BlockFi’s U.S. bankruptcy filing

Monday saw the formal bankruptcy filing of centralized cryptocurrency lender BlockFi, which was precipitated by the collapse of FTX.
| Cryptopress
Last updated: November 30, 2022


Two weeks ago, BlockFi banned withdrawals owing to “lack of clarification over the fate of, FTX US, and Alameda.”

As previously mentioned by the BlockFi team, the move would be directly spurred by the demise of FTX, the business that initially offered a $400 million credit line to fund the crypto-lending startup. This is in addition to the exchange formed by Sam Bankman-option Fried’s to acquire for an additional $280 million USD.

The Fatal Strike: The Demise of FTX

In July, FTX’s U.S. subsidiary signed an option to purchase BlockFi. According to Flori Marquez, co-founder and chief operating officer of BlockFi, the lender halted withdrawals on November 10 since the transaction had not yet been finalized. FTX filed for Chapter 11 bankruptcy the next day.

Monday, BlockFi announced in a press statement that it will attempt to collect funds due to them by FTX.

Bermuda, Bahama

BlockFi likewise filed for bankruptcy in Bermuda at the same time as it did in the United States.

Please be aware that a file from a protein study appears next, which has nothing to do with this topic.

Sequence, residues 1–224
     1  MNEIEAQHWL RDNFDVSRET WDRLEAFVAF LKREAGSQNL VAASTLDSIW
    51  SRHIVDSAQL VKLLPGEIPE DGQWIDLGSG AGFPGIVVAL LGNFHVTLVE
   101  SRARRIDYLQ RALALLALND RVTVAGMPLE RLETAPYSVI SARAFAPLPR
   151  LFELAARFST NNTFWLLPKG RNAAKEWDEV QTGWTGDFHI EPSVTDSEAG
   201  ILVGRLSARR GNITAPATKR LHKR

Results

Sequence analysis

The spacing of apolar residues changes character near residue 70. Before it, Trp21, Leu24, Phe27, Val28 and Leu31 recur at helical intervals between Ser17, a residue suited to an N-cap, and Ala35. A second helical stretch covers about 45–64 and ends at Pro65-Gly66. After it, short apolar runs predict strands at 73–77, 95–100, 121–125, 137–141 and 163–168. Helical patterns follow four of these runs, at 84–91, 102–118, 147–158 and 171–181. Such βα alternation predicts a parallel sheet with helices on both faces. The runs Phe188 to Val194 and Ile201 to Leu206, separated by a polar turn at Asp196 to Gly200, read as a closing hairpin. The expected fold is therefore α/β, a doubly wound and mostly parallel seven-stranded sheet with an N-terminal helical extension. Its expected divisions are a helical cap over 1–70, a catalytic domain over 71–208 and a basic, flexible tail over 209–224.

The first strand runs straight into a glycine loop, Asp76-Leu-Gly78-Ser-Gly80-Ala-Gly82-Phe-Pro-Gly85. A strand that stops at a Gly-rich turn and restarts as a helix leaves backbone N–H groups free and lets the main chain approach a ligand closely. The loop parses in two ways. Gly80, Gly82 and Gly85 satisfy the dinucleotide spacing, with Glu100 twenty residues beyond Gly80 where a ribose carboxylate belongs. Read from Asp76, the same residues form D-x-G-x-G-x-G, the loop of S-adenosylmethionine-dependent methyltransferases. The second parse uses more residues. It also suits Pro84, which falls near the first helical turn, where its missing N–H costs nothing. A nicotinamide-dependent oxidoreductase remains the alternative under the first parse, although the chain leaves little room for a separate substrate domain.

Like the Bahamas, Bermuda has accepted cryptocurrency as the future of money. Both frameworks were expressly designed to handle crypto assets and digital currencies. The Bahamas, with the failure of FTX, and Bermuda, with the failure of BlockFi, are now facing the first big legal challenges of their crypto legislation.

The bankruptcy petition for BlockFi reveals that the company’s biggest reported client owes approximately $28 million.

FTX’s bankruptcy has put pressure on numerous crypto businesses, including BlockFi, which PitchBook valued at $4.8 billion. FTX extended a $400 million revolving credit line and offered to acquire BlockFi in July to prevent bankruptcy.

On Nov. 11, Sam Bankman-cryptocurrency Fried’s exchange FTX filed for Chapter 11 bankruptcy in the U.S. The crypto industry was quickly impacted.

New CEO from Enron

Alameda Research, Bankman-Fried’s crypto trading business, and, its U.S. counterpart, are among 130 connected firms. In a Delaware Bankruptcy Court petition, FTX’s new CEO, John Ray, stated he had never seen “such a catastrophic collapse of corporate controls and such a complete lack of trustworthy financial information as transpired here” in his 40 years of legal and restructuring expertise.

Ray led Enron following its collapse.

As liquidity dried up, consumers sought withdrawals, and rival exchange Binance threw up its nonbinding deal to purchase FTX, the firm plunged from $32 billion to insolvency in days. Gross negligence was shown. Ray stated that “substantial” FTX assets may be “missing or stolen.”

According to the latest bankruptcy papers, FTX has over 1 million creditors, suggesting its collapse will have a major effect on crypto traders and other counterparties with links to Bankman-Fried’s business.

Cover: Masaaki Komori on Unsplash.

© 2022 Cryptopress. For informational purposes only, not offered as advice of any kind.


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